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Peptic ulcer disease

Last updated on May 12, 2023

Peptic ulcer diseaseDescription of Medical Condition

A chronic ulcer in the lining of the gastrointestinal tract.

Duodenal ulcer (DU): Most located in the duodenal bulb. Multiple ulcers, and if distal to the bulb raise the possibility of Zollinger-Ellison syndrome.

Gastric ulcer (GU): Much less common than DU (in NSAID absence). Commonly located along lesser curvature of the antrum near the incisura and in the pre-pyloric area.

Esophageal ulcers: A peptic ulcer in the distal esophagus may be part of Barrett’s epithelial change due to chronic reflux of gastroduodenal contents

Ectopic gastric mucosal ulceration: May develop in patients with Meckel diverticula or other sites of ectopic gastric mucosa

System(s) affected: Gastrointestinal

Genetics: Higher incidence with HLA-B12, B5, Bw35 phenotypes, identical twins

Incidence/Prevalence in USA:

  • DU: 4 times more common than GU. Lifetime prevalence = 10% for men; 5% for women (gender gap is closing). 200,000-400,000 new DU cases/annually.
  • GU: 87,500 new cases annually. Incidence of new GU in adults; 50/100,000

Predominant age:

  • DU 25-75 years (rare before age 15)
  • GU peak incidence age 55-65; rare < age 40

Predominant sex:

  • DU: Male > Female (slightly)
  • GU: Male = Female (female predominance among NSAID users)

Medical Symptoms and Signs of Disease

In adults (DU)

– Gnawing or burning epigastric pain 1 -3 hours after meals, relieved by food, antacids, or antisecretory agents

– Nocturnal pain causing early morning awakening

– Epigastric pain in 60-90% (often vague discomfort, cramping, hunger pangs). Non-specific dyspeptic complaints (belching, bloating, abdominal distention food intolerance) in 40-70%.

– Upto 1/3 of adults >60 years old do not report abdominal pain

– Symptomatic periods occur in clusters lasting a few weeks followed by symptom-free periods for weeks to months. Some seasonal occurrence (spring and fall).

– Early satiety, anorexia, weight loss, abnormal saline load test, succussion splash, gastric retention of barium, nausea, vomiting suggest pyloric obstruction

– Heartburn (suggesting reflux disease)

– Sudden, severe mid-epigastric pain radiating to right shoulder, peritoneal signs and free peritoneal air may indicate perforation

– Dizziness, syncope, hematemesis or melena suggest hemorrhage

In adults (GU)

– Symptom complex similar to DU

– NSAID-induced ulcers often silent; perforation or bleeding may be initial presentation

– Epigastric pain following a meal an uncommon finding; early satiety, nausea, vomiting suggest gastric outlet obstruction

– Weight loss can occur with either benign or malignant gastric ulcers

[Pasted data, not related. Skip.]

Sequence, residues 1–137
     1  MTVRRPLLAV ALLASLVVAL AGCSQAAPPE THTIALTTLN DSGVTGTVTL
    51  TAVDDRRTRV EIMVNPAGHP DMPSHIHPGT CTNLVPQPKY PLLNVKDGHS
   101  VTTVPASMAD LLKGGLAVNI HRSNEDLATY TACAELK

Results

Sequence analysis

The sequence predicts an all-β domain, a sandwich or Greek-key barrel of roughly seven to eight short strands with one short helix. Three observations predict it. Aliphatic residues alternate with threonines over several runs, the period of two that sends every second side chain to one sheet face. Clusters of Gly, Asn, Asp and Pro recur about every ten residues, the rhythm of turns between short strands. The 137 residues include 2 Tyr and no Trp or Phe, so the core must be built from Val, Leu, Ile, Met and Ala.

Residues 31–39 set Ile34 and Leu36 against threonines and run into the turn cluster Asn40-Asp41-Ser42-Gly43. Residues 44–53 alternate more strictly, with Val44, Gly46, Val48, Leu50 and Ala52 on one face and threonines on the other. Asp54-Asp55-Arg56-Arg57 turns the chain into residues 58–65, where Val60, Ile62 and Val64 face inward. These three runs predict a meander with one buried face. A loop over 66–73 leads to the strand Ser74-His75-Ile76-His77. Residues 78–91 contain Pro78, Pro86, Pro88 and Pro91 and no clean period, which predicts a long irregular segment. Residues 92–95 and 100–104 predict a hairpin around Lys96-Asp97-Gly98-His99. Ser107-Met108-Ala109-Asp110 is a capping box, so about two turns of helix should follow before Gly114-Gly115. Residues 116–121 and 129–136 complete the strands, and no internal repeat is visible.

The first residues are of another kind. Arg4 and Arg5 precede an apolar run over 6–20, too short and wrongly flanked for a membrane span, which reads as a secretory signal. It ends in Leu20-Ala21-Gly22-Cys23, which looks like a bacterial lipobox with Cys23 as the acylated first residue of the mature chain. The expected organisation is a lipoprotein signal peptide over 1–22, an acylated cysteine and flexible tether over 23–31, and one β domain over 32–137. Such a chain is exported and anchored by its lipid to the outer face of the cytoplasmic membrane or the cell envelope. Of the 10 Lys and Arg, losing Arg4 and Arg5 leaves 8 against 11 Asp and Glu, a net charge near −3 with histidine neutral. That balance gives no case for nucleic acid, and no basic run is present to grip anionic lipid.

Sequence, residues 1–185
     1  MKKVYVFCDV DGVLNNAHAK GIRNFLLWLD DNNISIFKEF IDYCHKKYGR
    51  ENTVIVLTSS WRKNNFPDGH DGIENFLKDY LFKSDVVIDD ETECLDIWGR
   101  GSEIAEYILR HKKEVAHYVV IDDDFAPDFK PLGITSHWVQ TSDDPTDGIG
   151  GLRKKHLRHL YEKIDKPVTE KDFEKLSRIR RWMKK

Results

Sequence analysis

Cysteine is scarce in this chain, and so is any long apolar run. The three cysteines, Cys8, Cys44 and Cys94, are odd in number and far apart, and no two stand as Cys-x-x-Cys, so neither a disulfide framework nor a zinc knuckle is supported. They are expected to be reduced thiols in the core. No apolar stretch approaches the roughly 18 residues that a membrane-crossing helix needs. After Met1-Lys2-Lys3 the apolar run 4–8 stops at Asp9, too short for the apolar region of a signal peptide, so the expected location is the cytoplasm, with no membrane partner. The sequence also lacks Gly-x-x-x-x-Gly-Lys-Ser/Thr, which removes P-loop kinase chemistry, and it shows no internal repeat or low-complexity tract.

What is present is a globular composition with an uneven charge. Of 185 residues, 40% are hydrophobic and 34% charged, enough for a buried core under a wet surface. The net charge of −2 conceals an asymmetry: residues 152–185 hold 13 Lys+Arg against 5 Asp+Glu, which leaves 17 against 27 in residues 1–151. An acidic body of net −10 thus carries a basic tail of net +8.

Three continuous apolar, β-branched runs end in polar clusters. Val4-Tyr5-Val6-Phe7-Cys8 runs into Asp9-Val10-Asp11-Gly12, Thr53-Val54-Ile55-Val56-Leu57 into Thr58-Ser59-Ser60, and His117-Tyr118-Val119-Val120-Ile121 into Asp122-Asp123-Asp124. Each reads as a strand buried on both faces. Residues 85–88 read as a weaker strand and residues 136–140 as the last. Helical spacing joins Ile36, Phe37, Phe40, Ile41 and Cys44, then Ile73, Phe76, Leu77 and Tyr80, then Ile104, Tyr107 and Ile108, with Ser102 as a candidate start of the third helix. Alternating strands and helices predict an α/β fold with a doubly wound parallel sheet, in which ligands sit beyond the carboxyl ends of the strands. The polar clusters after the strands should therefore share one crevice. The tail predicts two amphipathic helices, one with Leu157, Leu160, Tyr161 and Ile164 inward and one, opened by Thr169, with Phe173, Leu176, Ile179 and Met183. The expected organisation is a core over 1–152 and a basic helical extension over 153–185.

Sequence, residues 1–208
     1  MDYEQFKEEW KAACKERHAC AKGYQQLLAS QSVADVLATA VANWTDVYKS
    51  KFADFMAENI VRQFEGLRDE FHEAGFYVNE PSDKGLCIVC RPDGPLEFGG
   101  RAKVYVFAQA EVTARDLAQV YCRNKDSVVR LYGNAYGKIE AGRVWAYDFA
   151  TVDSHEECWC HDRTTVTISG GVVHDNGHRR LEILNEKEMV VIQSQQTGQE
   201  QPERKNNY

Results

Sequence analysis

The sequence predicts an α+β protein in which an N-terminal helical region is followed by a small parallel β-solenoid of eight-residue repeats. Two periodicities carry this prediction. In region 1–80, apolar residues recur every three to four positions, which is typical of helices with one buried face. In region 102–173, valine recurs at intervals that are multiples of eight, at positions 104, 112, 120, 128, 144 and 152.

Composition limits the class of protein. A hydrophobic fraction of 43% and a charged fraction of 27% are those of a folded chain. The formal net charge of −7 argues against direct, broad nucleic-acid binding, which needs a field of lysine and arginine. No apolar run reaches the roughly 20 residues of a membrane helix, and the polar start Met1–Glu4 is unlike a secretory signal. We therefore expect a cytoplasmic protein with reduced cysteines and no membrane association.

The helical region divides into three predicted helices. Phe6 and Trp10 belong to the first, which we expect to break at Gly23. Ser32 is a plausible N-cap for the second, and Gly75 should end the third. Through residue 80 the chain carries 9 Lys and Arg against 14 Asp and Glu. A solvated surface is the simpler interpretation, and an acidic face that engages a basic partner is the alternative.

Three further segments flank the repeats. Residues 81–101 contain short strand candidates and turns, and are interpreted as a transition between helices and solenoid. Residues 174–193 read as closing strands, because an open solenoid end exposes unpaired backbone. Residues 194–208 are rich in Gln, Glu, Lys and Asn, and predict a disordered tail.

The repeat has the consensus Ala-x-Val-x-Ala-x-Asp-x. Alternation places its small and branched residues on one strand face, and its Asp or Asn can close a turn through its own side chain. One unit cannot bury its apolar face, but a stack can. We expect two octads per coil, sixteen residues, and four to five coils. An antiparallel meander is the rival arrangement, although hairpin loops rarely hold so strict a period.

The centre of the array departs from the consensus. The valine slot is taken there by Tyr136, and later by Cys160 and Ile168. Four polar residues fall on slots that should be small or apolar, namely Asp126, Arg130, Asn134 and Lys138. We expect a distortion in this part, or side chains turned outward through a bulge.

In children (DU)

– Positive family history in 50% of early onset DU patients (under age 20)

– May account for chronic abdominal pain syndrome in young children

– Gastric outlet obstruction from ulcer must be distinguished from congenital infantile hypertrophic pyloric stenosis (seen within the first month after birth along with visible peristalses and a palpable pyloric mass)

What Causes Disease?

Etiology of DU and GU is multifactorial. H. pylori gastritis is present in >80% of DU and >60% of GU.

  • Imbalance between aggressive factors (e.g., gastric acid, pepsin, bile salts, pancreatic enzymes) and defensive factors maintaining mucosal integrity (e.g., mucus, bicarbonate, blood flow, prostaglandins, growth factors, cell turnover) which may relate to H. pylori infection
  • Ulcerogenic drugs (e.g., NSAIDs)
  • Zollinger-Ellison syndrome
  • Other hypersecretory syndromes
  • Retained gastric antrum

Risk Factors

  • Strongly associated: Drugs (e.g., NSAID use), family history of ulcer, Zollinger-Ellison syndrome (gastrinoma), cigarettes (>1/2 pack/day)
  • Possibly associated: Corticosteroids (high dose and/or prolonged therapy); blood group O; HLA-B12, B5. Bw35 phenotypes; stress; lower socioeconomic status; manual labor
  • Poorly or not associated: Dietary spices, alcohol, caffeine, acetaminophen
  • Lifetime risk for PUD in H. pylori infected individuals is 15%
  • Annual risk of DU developing in H. pylori — positive individual <1%

Diagnosis of Disease

Differential Diagnosis

  • Non-ulcer dyspepsia
  • Gastric carcinoma
  • H. pylori-associated gastritis (without ulcer)
  • Gastroesophageal reflux (with or without esophagitis)
  • Crohn disease (gastroduodenal)
  • Pancreatitis
  • Variant angina pectoris
  • Cholelithiasis syndrome
  • Atrophic gastritis


  • Anemia uncommon in absence of hemorrhage. Fecal occult blood requires colonic evaluation before attributing positive test to ulcer alone (especially in patients > 40 years).